Life for Eastern Europe's Gypsies 
was never good. The Nazis killed half a 
million of them. Germany never paid 
recompense, and has only now built a 
memorial to this genocide, a Gypsy 
cultural center in Heidelbferg. Com- 
munist governments alternated be- 
tween deporting Gypsies and trying to 
protect them with special programs, 
such as channeling their children into 
music schools, which often did more 
harm than good. 

Ironically, the end of Communist 
controls on speech and behavior has 
made Gypsy conditions worse. Re- 
ports of skinheads killing Gypsies or 
burning their villages are common. 
Otherwise peaceful village residents 
have assembled to raid Gypsy neigh- 

borhoods. Few of these crimes are in- 
vestigated, and police abuse of Gyp- 
sies is frequent. 

Police violence is also a problem for 
Gypsies in Western Europe. Few 
people want to hire Gypsies or lease 
apartments co them. As a result, many 
live in shacks and have no jobs. Often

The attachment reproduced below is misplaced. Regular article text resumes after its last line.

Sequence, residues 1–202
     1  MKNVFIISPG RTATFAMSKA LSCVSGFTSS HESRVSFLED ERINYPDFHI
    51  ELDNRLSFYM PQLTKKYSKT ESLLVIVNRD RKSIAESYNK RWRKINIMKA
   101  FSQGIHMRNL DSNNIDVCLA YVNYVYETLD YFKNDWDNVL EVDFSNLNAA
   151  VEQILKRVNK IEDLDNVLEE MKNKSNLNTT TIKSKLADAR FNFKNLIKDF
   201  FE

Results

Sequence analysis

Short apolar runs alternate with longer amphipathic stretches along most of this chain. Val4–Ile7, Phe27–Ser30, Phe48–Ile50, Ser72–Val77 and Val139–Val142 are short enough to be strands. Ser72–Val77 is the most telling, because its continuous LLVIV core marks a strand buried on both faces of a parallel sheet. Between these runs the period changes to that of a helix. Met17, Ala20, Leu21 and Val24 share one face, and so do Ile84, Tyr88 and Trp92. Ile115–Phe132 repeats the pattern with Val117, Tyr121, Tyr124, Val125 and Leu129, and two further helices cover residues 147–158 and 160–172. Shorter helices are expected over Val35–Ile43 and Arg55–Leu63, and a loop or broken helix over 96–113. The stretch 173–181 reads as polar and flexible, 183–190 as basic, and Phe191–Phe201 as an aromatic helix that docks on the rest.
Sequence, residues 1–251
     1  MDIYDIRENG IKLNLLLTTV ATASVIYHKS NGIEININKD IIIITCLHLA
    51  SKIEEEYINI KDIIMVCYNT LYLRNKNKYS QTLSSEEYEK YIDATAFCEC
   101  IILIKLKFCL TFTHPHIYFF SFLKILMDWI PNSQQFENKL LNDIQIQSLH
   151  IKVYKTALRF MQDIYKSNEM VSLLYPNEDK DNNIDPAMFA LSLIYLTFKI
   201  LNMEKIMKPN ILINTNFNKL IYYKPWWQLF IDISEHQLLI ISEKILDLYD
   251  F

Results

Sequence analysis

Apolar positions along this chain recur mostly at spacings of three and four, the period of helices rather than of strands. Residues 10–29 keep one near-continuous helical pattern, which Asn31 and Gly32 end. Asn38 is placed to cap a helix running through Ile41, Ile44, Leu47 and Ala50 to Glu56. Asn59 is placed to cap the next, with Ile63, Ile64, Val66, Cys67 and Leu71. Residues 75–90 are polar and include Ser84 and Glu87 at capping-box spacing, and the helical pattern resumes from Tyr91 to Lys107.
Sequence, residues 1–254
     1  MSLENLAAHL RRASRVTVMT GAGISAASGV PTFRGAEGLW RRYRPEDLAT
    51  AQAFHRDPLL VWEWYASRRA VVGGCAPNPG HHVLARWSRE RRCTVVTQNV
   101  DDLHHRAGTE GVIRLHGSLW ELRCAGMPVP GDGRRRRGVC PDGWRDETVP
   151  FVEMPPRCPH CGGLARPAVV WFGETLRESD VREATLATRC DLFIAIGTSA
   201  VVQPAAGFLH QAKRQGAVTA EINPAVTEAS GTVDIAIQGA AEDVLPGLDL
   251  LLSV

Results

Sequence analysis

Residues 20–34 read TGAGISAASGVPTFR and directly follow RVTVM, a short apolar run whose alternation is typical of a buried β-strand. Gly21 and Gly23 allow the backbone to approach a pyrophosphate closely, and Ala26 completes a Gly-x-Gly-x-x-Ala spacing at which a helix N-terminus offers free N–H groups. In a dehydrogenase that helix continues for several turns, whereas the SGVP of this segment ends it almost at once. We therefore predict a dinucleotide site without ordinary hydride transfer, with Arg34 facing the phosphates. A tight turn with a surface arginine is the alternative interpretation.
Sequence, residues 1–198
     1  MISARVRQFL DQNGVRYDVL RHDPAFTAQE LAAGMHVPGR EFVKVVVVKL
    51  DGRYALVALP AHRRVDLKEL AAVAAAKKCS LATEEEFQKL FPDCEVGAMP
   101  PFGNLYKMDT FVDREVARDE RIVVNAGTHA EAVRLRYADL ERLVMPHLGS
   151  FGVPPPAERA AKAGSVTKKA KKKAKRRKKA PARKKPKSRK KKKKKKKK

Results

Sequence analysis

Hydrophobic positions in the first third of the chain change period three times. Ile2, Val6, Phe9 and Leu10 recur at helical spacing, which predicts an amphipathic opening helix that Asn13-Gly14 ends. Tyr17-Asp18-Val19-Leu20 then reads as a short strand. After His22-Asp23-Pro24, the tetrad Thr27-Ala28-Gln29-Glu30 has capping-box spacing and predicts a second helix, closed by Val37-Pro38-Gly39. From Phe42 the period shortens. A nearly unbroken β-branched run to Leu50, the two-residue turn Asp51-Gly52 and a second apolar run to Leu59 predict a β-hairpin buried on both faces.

they turn to begging or petty theft 
which fuels prejudice. 

In times of economic uncertainty, 
people in Eastern Europe are looking 
for scapegoats, and often find them in 
the Gypsies, who pride themselves on 
keeping separate from the rest of the 
world and frequently do not keep their 
children in school. 

East Europeans are also once again 
defining themselves through ethnic na- 

tionality and restricting the rights of 

minorities. When the Czech Republic 
split with Slovakia, it ruled that only 
people who had a clean criminal record 
for five years could get Czech cit- 
izenship. a law that directly targeted 
Gypsies. Twenty thousand who had 
been living in the Czech Republic were 
left without citizenship. 

Gypsies are increasingly defending